The short scrubby jack pines Bob shows in Michigan are characteristic of the south (from the point of view of the boreal forests, Michigan is 'the south'). In the boreal forest it is a tall slender tree, as shown in these pictures in northern Minnesota ('the north').
Mature jack pine forest in the Boundary Waters, MN, Photo by Bud Heinselman
190 year old jack pine being invaded by cedar (olive green along water edge) and black spruce (photo Lee Frelich). Forests this old are unusual and succession is starting to occur.
Here is the interior of a mature jack pine boreal forest with feather moss about 10 inches deep on the forest floor.
And, since this is a fire dependent forest type, with high intensity crown fires every 50-150 years (unlike the scrubby jack pines further south which are not serotinous), here are pictures after the fire. Note the cones on the lower branches (look like small knobs) and high in the crowns, which create considerable density in the crown even after the needles have fallen off. (Photos by Bud Heinselman).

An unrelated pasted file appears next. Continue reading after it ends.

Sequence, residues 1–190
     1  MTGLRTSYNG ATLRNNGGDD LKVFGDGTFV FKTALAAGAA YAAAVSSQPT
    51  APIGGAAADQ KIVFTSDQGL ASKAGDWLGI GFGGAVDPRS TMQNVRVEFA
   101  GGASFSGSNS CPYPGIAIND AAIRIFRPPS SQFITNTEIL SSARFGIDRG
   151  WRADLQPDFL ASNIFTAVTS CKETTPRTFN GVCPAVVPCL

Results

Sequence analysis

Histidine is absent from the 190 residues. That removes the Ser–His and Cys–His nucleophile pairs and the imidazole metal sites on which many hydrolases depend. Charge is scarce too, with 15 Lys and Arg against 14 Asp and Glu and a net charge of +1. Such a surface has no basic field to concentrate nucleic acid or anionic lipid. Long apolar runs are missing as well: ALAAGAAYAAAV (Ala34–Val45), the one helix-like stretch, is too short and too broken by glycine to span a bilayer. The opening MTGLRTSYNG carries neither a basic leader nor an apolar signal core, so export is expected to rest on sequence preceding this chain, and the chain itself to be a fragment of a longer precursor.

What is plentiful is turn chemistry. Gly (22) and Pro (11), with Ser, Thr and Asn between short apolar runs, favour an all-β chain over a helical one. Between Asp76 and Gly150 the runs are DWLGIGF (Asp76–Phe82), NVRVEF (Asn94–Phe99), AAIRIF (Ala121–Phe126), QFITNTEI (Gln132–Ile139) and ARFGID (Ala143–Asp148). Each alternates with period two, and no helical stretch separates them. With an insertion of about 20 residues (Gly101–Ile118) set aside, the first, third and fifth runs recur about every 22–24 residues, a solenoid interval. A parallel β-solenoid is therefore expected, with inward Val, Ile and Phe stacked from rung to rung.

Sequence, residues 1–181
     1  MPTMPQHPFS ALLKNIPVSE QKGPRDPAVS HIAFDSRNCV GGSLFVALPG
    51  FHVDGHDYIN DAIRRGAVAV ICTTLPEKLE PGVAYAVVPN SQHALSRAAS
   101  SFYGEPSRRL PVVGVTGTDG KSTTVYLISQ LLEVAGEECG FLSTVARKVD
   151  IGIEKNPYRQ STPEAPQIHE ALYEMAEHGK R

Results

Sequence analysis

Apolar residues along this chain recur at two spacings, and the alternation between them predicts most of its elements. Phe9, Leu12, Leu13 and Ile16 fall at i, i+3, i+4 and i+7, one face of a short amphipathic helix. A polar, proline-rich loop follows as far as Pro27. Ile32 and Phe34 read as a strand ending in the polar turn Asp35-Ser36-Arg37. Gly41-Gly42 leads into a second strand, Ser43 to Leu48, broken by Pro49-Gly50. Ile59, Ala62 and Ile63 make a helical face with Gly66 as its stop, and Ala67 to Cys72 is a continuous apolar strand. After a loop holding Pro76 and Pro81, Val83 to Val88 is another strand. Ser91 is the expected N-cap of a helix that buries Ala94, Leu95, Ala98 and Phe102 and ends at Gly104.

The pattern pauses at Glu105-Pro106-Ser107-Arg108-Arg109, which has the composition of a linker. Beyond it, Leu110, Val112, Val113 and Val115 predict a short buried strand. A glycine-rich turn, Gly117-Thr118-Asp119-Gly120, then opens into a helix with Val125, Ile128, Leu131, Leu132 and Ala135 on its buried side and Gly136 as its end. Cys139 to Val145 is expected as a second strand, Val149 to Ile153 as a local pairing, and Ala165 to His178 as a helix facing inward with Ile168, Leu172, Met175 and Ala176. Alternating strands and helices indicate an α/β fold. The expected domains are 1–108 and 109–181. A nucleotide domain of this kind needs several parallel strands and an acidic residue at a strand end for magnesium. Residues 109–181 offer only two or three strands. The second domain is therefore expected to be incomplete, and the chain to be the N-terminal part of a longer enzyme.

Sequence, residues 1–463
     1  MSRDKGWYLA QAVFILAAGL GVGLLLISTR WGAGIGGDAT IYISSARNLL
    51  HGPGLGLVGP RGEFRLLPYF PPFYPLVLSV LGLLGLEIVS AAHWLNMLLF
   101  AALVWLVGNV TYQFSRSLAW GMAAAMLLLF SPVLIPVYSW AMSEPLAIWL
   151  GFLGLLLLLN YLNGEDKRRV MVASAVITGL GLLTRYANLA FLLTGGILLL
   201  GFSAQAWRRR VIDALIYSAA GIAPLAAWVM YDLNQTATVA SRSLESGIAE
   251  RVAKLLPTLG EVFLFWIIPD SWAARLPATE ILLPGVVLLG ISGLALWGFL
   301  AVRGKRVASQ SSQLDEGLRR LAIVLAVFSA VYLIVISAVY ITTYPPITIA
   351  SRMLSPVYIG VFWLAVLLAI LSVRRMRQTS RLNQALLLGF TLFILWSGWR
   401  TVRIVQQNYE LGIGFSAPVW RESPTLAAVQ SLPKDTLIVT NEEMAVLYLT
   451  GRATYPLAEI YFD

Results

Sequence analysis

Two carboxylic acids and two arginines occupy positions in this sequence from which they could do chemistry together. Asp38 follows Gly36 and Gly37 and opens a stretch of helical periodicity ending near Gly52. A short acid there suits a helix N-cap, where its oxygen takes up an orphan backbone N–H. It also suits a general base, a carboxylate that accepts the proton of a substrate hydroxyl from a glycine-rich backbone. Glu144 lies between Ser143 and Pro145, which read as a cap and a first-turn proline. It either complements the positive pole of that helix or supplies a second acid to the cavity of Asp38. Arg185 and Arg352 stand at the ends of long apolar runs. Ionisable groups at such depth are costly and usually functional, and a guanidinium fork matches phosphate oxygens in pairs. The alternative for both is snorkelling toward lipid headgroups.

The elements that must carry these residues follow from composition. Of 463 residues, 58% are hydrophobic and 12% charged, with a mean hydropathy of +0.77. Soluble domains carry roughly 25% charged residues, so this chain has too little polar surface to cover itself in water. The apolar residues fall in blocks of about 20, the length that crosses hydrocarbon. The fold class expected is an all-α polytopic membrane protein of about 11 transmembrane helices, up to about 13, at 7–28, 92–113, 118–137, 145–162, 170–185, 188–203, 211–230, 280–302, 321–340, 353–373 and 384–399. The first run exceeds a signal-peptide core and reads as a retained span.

Here is a jack pine forest 3 years after fire (Photo Bud Heinselman). Note that the forest came right back from a black moonscape to dense regeneration.
Non-boreal (Bob's pictures from Michigan) and boreal jack pine (these pictures) are very different in growth form, ecological function, and adaptation to fire. The forest Bob showed probably has open cones, more frequent fires and more variety of jack pine tree ages.
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